During and after the establishment of christianity in their country, Irish monks began to compile a similar Christian narrative tradition to deal with their own land’s pagan gods and ancestor-traditions, following the template laid by the ‘Augustinian’ polemical style of the ‘New Empire of Light’. The Irish invented their own highly stylised euhemerist Christian literature to match and exceed these: it would consign paganism to the same fate as on the continent, and paint its divinities into a pseudo-history of failed invaders and tyrannical warlike and venal rulers. In the same manner, christian Scandinavians of the 12th and 13th centuries would produce saga traditions which portrayed their (more recently) former gods in a similar manner: multiple, hierarchical, euhemerised, amoral and modelled largely after the deposed ‘Olympian’ gods of the Mediterranean.
The widespread use of euhemerist interpretation, the control of literacy by Christian elites and the difficulties inherent in expressing aspects of oral traditions using the fixed literary medium means that there is little good historical evidence about what pagan North Europeans believed.
The answer to the difficult question about northern pagan identity and belief lies in a fundamental understanding of what ‘paganism’ actually is and was. The state-sponsored religious cults of the Mediterranean classical age were designed to reflect the temporal power of the civilisations promoting them, and as these temporal powers grew so did their religions, the spiritual system reflecting the temporal one in its hierarchy and complexity after the manner of the older religions of ancient Egypt and the ‘Fertile Crescent’. Christianity simply followed in these footsteps.
In fact, the popular religion of country peoples and tribal groups under the classical empires was quite different to that of those involved in expansionism and regional overlordship. It was much simpler and reflected the necessities of the worldview of those who subsisted with the land, and left fewer relics in art, masonry and literature. To metropolitan elites, these simpler versions of religion were considered barbarism and tended to be derided, or to be absorbed into the popular spectacles of the fast-moving, ever-changing mainstream metropolitan cultures. The adornments and trappings of paganism that survived in the archaeological remains to the current day are generally elite interpretations of this core spiritual root.
The core basis of the Greek mythos (derived largely from Hesiod and Homer) is that there were 3 phases of overlord gods: Ouranos, Cronus then Zeus. Ouranos was the sky, who coupled with the Gaia, the Earth. Her offspring were the Titans who deposed Ouranos, and led by Cronus (who famously castrated his father) ruled over the ‘Golden Age’ (which was something akin to Elysium – showing the conflation of historical time with contemporary ‘place’ in the ancient worldview). Cronus then fathered Zeus who in turn deposed him, and the rest – as they say – is ‘history’ (in other words, where the bard Homer picks up the tale). Similar tales of one order replacing the other are echoed much later in the Scandinavian saga literature of the 12th/13thC, which records some original epic verse and stories of their late pagan era. The similarities are interesting.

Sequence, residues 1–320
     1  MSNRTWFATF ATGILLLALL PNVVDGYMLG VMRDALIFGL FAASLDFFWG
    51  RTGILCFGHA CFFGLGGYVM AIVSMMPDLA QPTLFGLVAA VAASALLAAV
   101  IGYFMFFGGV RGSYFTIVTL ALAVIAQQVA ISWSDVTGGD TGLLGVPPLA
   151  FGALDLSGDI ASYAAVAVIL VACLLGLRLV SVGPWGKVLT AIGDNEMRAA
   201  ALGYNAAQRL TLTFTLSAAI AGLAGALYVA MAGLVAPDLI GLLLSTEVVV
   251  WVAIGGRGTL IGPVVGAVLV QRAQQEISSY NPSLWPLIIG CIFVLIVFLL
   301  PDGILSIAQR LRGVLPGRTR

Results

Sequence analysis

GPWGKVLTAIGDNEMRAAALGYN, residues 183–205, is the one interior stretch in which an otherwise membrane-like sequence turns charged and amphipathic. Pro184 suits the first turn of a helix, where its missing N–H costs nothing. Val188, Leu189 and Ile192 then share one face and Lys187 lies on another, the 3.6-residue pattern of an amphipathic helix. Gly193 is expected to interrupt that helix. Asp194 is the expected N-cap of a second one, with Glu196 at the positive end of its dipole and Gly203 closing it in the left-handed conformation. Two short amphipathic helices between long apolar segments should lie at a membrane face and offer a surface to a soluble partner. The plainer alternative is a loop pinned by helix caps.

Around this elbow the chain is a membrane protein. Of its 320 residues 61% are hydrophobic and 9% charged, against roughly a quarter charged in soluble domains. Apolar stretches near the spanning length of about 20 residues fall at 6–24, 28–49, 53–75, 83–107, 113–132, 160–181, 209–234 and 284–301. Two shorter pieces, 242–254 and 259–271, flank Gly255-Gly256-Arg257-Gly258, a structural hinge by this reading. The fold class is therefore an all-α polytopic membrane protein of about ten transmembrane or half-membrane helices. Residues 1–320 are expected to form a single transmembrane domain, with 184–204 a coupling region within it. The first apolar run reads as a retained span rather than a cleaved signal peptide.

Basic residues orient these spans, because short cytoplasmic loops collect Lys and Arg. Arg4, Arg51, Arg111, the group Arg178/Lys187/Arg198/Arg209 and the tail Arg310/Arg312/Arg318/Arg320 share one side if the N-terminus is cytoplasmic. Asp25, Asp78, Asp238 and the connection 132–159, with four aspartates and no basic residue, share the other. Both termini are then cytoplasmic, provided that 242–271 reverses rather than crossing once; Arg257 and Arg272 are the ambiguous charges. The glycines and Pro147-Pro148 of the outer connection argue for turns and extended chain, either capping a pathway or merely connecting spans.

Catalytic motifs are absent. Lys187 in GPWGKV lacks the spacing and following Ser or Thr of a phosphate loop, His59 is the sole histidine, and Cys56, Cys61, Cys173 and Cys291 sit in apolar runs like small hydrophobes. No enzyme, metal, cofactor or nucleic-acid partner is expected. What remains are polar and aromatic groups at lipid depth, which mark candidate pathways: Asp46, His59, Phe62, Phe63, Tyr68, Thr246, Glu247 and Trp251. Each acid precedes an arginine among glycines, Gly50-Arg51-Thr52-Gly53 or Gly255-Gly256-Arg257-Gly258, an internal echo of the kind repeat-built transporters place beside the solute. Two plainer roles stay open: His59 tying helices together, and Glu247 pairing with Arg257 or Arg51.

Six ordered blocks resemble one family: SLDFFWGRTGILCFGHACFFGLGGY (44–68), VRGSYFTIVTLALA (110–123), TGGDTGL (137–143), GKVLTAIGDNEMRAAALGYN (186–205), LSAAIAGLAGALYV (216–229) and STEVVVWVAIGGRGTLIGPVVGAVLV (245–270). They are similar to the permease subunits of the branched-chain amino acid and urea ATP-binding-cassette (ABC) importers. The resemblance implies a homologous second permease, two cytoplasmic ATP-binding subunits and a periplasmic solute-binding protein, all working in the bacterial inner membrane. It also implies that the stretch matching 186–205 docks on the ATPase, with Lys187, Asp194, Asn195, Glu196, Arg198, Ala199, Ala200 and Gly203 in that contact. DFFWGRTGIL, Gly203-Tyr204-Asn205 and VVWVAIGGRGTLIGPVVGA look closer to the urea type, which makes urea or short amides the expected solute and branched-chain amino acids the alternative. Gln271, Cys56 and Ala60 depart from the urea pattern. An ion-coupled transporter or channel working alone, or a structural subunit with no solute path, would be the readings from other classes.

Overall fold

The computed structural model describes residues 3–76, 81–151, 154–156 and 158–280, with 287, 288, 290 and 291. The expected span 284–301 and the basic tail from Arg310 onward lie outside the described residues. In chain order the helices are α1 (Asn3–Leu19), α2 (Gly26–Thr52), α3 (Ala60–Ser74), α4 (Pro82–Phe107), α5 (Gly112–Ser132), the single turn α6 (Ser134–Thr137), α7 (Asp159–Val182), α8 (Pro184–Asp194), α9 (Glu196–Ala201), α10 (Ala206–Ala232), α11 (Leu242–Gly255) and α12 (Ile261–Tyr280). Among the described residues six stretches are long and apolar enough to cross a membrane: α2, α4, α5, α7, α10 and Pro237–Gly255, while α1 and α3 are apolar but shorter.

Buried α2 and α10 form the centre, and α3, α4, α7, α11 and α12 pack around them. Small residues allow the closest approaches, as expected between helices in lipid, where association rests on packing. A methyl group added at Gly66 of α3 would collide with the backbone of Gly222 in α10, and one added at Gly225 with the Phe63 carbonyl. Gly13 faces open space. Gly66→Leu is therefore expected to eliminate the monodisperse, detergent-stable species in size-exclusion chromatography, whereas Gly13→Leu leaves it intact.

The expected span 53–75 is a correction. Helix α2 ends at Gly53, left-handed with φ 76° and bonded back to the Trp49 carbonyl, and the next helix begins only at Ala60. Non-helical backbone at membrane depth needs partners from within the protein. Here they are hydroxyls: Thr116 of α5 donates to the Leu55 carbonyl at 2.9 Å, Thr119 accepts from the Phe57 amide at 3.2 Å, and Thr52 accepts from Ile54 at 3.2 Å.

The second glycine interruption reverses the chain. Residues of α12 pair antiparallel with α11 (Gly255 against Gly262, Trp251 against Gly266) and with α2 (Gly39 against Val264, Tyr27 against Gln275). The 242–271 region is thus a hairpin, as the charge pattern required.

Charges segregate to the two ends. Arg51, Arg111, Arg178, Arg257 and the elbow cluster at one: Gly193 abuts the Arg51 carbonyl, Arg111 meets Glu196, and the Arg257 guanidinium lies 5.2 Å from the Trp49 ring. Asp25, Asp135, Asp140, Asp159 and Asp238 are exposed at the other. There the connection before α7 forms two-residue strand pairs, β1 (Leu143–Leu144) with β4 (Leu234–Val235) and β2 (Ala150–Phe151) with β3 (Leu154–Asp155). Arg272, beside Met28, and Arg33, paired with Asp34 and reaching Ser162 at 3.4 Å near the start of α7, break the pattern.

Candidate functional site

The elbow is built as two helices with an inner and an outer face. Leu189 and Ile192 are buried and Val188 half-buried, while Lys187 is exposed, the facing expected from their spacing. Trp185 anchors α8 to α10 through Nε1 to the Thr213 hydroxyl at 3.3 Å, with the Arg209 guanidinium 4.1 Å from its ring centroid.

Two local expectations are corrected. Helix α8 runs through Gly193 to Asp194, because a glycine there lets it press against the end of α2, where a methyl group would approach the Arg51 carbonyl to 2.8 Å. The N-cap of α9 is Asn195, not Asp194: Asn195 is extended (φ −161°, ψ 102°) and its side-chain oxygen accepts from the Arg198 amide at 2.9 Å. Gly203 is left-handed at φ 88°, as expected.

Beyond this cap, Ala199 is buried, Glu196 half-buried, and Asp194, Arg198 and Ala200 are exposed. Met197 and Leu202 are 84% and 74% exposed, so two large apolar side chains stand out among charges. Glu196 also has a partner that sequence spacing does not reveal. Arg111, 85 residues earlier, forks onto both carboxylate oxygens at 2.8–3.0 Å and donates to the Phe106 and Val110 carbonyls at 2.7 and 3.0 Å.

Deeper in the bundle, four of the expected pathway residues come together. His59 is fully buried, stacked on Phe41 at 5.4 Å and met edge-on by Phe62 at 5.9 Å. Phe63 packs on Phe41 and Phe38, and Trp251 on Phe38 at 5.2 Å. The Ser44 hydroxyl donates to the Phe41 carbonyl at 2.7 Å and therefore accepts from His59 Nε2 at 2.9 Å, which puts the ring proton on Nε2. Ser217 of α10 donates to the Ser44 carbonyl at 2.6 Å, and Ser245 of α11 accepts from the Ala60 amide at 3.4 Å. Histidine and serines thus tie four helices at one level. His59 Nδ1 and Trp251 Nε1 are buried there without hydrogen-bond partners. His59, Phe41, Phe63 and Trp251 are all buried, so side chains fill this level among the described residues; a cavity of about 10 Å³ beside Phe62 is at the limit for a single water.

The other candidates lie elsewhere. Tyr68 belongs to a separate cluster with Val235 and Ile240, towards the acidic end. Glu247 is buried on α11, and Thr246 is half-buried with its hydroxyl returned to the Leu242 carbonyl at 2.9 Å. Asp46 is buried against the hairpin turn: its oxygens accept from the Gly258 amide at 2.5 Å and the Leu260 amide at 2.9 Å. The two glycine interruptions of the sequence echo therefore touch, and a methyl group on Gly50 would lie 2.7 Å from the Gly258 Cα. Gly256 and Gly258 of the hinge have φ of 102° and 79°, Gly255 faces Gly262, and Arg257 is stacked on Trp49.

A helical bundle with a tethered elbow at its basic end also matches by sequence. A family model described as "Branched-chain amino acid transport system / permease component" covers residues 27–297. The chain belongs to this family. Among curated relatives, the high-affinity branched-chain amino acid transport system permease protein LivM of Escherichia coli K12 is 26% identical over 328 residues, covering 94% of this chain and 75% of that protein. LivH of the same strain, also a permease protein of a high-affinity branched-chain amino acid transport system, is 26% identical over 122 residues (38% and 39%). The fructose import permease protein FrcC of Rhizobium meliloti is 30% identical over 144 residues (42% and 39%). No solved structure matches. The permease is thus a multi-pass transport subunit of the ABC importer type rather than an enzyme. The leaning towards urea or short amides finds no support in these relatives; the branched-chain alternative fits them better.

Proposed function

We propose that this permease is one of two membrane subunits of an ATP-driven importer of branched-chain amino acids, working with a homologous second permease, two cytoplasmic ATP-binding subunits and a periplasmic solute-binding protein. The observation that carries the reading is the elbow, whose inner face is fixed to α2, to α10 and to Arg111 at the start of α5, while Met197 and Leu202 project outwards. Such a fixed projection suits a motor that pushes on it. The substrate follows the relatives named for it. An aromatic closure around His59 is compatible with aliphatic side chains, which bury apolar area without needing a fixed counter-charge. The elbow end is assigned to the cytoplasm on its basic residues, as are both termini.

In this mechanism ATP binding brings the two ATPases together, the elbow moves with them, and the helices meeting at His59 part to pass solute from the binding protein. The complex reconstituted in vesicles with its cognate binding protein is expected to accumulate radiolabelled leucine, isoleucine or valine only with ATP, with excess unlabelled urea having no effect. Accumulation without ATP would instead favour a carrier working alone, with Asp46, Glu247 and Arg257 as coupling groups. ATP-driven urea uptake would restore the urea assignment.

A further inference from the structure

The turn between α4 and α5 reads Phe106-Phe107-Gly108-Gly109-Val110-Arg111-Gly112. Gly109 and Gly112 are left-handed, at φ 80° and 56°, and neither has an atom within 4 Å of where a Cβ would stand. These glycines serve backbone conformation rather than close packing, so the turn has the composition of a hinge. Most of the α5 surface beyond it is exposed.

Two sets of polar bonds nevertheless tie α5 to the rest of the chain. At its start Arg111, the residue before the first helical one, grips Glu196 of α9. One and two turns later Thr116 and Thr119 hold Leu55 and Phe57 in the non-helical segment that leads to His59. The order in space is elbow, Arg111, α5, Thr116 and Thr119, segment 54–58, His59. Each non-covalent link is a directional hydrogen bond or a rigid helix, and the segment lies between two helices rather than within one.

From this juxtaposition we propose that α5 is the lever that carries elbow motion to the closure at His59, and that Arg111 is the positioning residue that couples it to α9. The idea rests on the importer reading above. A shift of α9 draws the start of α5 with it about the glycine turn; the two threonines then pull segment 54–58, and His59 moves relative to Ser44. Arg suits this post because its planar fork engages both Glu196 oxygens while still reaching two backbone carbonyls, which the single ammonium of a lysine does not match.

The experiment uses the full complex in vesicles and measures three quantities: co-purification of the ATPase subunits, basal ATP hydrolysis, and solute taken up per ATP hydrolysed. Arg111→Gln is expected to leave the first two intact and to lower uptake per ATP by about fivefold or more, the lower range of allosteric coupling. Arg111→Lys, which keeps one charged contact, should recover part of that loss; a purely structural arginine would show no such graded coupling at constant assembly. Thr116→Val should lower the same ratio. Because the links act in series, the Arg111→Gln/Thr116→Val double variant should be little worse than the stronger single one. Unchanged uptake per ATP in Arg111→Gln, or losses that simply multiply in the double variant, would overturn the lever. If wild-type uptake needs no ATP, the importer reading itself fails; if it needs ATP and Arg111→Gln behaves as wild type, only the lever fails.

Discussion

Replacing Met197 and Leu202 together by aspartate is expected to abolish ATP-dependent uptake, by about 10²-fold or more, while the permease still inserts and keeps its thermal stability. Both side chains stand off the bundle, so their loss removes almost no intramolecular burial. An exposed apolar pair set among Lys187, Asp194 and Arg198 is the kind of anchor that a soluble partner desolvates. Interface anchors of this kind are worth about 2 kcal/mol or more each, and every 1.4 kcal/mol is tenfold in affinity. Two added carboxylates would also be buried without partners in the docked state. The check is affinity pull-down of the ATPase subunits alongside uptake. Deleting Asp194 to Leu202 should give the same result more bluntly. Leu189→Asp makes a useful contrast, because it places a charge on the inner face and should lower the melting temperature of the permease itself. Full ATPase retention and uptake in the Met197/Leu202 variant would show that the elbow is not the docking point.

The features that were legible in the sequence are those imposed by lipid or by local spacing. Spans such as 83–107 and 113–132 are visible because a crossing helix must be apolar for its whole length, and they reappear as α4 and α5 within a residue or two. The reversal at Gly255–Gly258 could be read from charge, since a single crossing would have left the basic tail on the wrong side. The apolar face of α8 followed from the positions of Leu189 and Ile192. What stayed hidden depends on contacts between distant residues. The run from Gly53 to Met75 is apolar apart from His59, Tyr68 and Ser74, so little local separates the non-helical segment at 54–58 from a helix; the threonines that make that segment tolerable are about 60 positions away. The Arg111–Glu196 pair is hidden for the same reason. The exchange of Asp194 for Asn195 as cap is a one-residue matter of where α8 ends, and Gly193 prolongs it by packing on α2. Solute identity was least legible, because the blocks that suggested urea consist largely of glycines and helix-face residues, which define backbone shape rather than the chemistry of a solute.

The Olympian Gods were the third order, but their inception and promotion of their respective cults is very much linked in history to the growth and expansion of powerful kingdoms and city states during the late Greek Bronze Age. During this age (that of Homer and Hesiod – creators of ‘historic’ epic verse for a new order), the idea of a ‘civilisation’ that was better than that of its ‘barbarian’ origins was born. The second and first order of Greek gods seem to be of the elemental order that existed much further afield than the Mediterranean, and which persisted in the folklore of the Atlantic peoples down to the modern day. Cronos, as Lord of the Golden Age and Elysium/The Blessed Isles becomes functionally identical with the British & Irish Isles’ own god – Manannan. Greek writer Plutarch even stated explicitly that Cronus was worshipped in an actual Island called Ogygia believed to lie west from Britain. To Homer (in the Oddysey), this ?mythical isle was home to Calypso and her father Atlas/Atlantis. Add in the mythology about Leto mother of Apollo, the river Lethe, and Leda and things become distinctly more interesting. These again, are so curiously similar to Irish and Manx legends that they are either the cause or derived from a common mythos…